Adrian Sutil arrives at the Brazilian Grand Prix weekend somewhat battered and bruised.
Fall guy days are over, says Sutil
Adrian Sutil arrives at the Brazilian Grand Prix weekend somewhat battered and bruised. Force India's German driver spun out of last month's Singapore Grand Prix, taking out Nick Heidfeld in the process and earning himself a US$20,000 (Dh73,400) fine in the process.
Then at the Japanese Grand Prix two weekends ago, he appeared to have pulled off a fine passing manoeuvre on Heikki Kovalainen only for the Finn to turn back in on him and effectively ruin his chances of a points finish in Suzuka. But Sutil is confident he can bounce back at the Brazilian Grand Prix and seal a first podium finish of his career. His best remains the fourth place he achieved at Monza for a Force India team who have rapidly turned from backmarkers to part-time front-runners.
"People may be surprised by what we've done but I'm not, as I know how hard the team have worked," he said. "There were a lot of hard races to get through first but I feel we've finally arrived and begun to show people what we're capable of. "I should be happy that I'm further up the grid than before but the thing is that I feel I could have achieved more in the last few races which is frustrating. There's still two races to go and Interlagos in particular should really suit our car.
"A podium finish is the dream but it would be great to finish in the points for the final two races." Sutil looks certain to stay on at Force India next season and take the team's impressive package forward under ambitious boss Vijay Mallya, who has earmarked race victories as his ultimate goal in the sport. But the Indian billionaire's No 1 driver is far more than just a racing driver. A concert pianist in his youth, Sutil still plays whenever he can.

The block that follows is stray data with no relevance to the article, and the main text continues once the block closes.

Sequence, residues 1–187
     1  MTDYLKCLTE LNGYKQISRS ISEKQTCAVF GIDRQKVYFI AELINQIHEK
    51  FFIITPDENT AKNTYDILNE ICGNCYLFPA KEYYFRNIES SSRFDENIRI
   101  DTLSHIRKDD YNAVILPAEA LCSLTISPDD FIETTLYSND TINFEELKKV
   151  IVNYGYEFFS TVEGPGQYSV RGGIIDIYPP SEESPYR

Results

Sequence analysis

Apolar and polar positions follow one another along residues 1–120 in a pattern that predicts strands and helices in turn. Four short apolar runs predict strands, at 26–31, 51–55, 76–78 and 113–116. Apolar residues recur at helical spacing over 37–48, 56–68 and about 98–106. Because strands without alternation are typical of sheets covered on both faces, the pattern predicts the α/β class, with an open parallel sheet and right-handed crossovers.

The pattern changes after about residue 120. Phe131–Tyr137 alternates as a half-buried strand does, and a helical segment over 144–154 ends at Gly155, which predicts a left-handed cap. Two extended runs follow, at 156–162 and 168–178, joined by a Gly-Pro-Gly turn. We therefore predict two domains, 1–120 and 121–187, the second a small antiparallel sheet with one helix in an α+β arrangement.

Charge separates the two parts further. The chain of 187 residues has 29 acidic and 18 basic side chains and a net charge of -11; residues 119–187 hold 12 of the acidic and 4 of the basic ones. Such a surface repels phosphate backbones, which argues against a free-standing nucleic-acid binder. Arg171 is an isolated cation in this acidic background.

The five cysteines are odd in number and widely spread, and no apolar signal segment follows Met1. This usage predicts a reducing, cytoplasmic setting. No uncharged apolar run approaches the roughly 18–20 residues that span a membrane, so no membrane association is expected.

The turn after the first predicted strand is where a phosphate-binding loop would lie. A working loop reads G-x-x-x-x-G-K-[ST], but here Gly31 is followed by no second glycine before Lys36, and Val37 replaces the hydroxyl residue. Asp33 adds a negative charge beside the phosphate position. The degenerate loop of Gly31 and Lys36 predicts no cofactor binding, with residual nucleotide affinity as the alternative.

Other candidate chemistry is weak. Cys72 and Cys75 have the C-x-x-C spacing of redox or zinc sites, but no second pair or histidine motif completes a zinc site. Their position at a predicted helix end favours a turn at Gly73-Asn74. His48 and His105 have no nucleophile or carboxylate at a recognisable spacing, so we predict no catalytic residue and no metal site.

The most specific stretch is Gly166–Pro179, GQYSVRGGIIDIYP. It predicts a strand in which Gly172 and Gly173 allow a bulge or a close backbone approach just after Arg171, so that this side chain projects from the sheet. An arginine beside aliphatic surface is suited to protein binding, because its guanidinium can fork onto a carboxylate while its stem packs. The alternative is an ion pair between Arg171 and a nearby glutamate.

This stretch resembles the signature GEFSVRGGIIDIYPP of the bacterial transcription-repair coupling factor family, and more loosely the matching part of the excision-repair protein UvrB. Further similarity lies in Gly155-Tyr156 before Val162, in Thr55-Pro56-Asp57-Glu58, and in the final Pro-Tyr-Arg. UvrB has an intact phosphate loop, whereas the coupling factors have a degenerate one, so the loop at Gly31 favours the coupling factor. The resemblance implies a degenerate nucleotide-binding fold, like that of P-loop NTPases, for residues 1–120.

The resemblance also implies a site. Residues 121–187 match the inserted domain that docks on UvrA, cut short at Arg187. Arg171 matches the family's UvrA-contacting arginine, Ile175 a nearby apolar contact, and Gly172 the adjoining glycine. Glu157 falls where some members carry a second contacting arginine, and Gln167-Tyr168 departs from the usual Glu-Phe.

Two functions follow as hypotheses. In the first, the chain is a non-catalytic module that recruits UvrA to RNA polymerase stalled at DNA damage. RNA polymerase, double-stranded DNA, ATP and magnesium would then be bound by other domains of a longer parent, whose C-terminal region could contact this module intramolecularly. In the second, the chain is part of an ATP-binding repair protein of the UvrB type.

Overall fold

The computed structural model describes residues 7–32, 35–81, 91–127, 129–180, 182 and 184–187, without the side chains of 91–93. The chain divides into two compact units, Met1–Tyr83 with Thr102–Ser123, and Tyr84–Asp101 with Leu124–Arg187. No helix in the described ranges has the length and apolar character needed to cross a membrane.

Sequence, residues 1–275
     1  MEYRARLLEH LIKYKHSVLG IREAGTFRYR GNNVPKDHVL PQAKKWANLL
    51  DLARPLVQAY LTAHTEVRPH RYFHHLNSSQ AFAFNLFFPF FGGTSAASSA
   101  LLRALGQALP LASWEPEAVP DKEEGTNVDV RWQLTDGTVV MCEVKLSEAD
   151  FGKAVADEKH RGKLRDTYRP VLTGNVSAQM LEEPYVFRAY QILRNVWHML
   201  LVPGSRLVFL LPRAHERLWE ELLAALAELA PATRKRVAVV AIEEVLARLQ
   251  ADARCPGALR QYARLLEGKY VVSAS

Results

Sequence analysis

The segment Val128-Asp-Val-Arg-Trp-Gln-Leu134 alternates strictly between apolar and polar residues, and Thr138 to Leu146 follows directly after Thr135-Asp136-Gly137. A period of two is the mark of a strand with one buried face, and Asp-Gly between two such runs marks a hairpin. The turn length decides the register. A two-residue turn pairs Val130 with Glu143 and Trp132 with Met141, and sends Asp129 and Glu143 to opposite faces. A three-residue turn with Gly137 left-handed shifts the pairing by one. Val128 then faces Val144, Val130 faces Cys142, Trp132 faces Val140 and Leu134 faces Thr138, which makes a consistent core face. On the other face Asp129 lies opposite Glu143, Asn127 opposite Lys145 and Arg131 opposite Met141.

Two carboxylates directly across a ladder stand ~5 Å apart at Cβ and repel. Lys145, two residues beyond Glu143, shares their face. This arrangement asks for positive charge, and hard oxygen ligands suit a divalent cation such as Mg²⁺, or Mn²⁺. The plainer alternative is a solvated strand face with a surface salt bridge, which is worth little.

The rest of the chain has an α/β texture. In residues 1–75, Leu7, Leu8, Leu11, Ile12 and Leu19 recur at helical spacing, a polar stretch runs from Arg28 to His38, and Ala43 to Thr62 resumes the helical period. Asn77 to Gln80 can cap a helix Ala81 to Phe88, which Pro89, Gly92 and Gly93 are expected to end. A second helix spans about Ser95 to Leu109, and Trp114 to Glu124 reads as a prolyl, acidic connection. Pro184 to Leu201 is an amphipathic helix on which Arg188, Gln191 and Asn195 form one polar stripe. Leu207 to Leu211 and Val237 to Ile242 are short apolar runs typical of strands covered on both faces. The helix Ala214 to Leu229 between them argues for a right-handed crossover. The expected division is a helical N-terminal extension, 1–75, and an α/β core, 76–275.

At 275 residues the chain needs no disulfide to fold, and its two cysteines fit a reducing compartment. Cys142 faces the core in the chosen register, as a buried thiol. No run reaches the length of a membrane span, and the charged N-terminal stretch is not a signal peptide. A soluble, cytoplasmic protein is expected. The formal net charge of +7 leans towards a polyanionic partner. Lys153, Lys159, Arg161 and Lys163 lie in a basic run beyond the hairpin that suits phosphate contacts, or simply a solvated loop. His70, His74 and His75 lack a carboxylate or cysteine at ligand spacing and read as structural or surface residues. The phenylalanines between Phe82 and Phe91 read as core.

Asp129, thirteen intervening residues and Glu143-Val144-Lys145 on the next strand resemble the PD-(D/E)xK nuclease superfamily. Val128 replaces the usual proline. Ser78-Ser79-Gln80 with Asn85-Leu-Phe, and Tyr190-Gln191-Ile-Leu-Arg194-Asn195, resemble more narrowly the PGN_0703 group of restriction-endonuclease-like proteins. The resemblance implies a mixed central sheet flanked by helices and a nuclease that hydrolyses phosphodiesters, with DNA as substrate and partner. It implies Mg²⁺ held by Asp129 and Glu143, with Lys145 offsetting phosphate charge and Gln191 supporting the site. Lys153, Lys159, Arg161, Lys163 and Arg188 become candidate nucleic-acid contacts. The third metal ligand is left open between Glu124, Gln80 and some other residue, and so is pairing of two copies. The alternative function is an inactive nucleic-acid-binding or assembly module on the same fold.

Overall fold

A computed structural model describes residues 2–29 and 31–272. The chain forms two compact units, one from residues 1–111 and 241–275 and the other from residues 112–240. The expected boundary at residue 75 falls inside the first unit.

His best friend on the grid is current world champion Lewis Hamilton and the pair holidayed in Thailand last year following the Australian Grand Prix. In addition to that, when Sutil's not behind the wheel or holidaying with the world champion, he loves nothing more than watching films - he has an encyclopaedic knowledge of James Bond films in particular - and dreams of starring in them. Over last season's winter break, he undertook a stuntman course in a bid to "unwind" from Formula One.
"If I wasn't a Formula 1 driver, I'd definitely be a stuntman," he explained. "I love the whole adrenalin rush of it. The stuntman course was amazing. I got to fall off tall buildings on to big, inflatable mattresses. For me, the higher the better. And I got to do some pretty cool car stunts as well. "That's actually very different to F1 as I was crashing on purpose and, despite what people might think, I don't crash on purpose in F1."
Despite his love of stunts, Sutil is less enamoured by the more risky escapades of current 007, Daniel Craig, than the actions of the previous Bonds on the big screen. Sean Connery remains his favourite while his favourite film of the series very much depends on his mood. "I find it really difficult to decide which one to watch when I'm at home," he said. "I've got all of them and I run my finger down and go 'this one, no this one, no this one' and so on. So to get me to choose my favourite is difficult."
Sutil has yet to decide on his winter plans following the season finale at Abu Dhabi but, after the bumper-car ride of the last two races, he'll be hoping to keep the stunts to a minimum at Sunday's Brazilian Grand Prix. @Email:firstname.lastname@example.org